Ed Murray, Mayor
7/22/2014 1:30:00 PM
Kimberly Mills (206) 684-8602
A man who screamed “I’m rich, I’m white …and I’m getting paid” during an alleged choking by a Seattle police officer has failed to collect a dime from the City of Seattle.
On Monday U.S. District Judge Thomas S. Zilly granted the City’s motion for summary judgment on the remaining claims in Rengo v. City of Seattle. Plaintiff David Rengo had claimed that Officer Shandy Cobane choked him repeatedly in the back of a patrol car while he was handcuffed. As captured on the in-car video, it was during the alleged choking, that Rengo is heard screaming “I’m rich, I’m white…and I’m getting paid.”
The incident arose in April 2010 when Cobane and a Gang Unit detective observed Rengo and another man assaulting a third man outside a nightclub in Belltown. Cobane and the detective intervened, and Rengo pushed Cobane so hard that he lost his grip on the other suspect. Ultimately, Rengo was arrested for assaulting an officer. Rengo then sued the City, Cobane and other defendants for a host of claims, including excessive force, false arrest and negligence.
The City moved for summary judgment in 2013, arguing that the claims lacked merit and that in-car video and GPS data conclusively showed that Cobane was not with Rengo when the alleged choking occurred. In response, Rengo then alleged that another officer, Camilo DePina, was the one who choked him.
On Monday Judge Zilly granted summary judgment on the last remaining claims – municipal liability based upon a pattern or practice of excessive force, and outrage. “…Plaintiff provides no evidence that Officer DePina’s alleged unlawful use of force occurred or was caused by the pattern identified by the DOJ (Department of Justice) report. This Court recently held that merely referencing the DOJ report is insufficient to establish municipal liability,” Zilly wrote, mentioning Lawson v. City of Seattle. “Similarly here, Plaintiff has presented no evidence to establish a causal link between any City policy or custom and the alleged injury, and his section 1983 [federal] claim must fail as a matter of law.”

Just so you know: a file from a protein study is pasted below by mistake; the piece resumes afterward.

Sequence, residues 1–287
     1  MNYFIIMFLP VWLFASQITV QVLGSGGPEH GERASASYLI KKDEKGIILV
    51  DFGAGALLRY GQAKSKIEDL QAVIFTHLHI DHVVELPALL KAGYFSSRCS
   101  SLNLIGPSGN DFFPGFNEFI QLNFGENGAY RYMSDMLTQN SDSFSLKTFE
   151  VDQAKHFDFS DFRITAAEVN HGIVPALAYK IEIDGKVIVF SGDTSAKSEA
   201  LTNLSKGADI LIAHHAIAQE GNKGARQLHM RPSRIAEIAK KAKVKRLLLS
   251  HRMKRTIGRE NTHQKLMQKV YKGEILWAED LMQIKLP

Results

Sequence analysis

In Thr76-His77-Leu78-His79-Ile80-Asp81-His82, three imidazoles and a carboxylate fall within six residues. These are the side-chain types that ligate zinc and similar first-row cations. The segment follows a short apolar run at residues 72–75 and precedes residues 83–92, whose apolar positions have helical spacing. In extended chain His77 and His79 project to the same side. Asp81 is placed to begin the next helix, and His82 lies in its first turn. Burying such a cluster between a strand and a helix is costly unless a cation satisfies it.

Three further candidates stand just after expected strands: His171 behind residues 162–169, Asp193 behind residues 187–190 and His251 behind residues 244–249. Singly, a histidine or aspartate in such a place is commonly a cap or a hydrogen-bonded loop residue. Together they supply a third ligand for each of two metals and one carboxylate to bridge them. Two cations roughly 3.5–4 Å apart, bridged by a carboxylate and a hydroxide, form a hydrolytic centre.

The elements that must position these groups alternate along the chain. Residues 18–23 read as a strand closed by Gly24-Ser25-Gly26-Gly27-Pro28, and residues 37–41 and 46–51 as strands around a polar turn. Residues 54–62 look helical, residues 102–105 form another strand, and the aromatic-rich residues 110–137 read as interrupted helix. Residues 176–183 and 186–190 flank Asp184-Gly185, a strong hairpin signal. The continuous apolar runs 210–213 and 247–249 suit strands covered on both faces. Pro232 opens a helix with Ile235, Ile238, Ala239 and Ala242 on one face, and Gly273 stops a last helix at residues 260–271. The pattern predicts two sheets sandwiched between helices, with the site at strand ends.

Rengo’s other remaining claim -- that the “actions of the City were extreme, outrageous and beyond all bounds of decency” -- failed as well. “Plaintiff’s outrage claim suffers from the same deficiency identified in his section 1983 claim,” Zilly held. There was no evidence “establishing a causal link between any City policy or custom and any alleged injury to Plaintiff and therefore he has failed to prove that he personally was the subject of outrageous conduct by the City,” the judge concluded.
City Attorney Pete Holmes praised Assistant City Attorney Sarah Morehead, a member of the office’s Police Action Team, for her work on the Rengo case and noted an important benefit of no longer outsourcing the defense of police officers to one private firm. “Since bringing the police action work inhouse, we have developed a closer working relationship with individual officers and provide them cutting-edge legal expertise. When officers are unjustly accused, as was the case in Rengo, we will defend them vigorously,” Holmes said.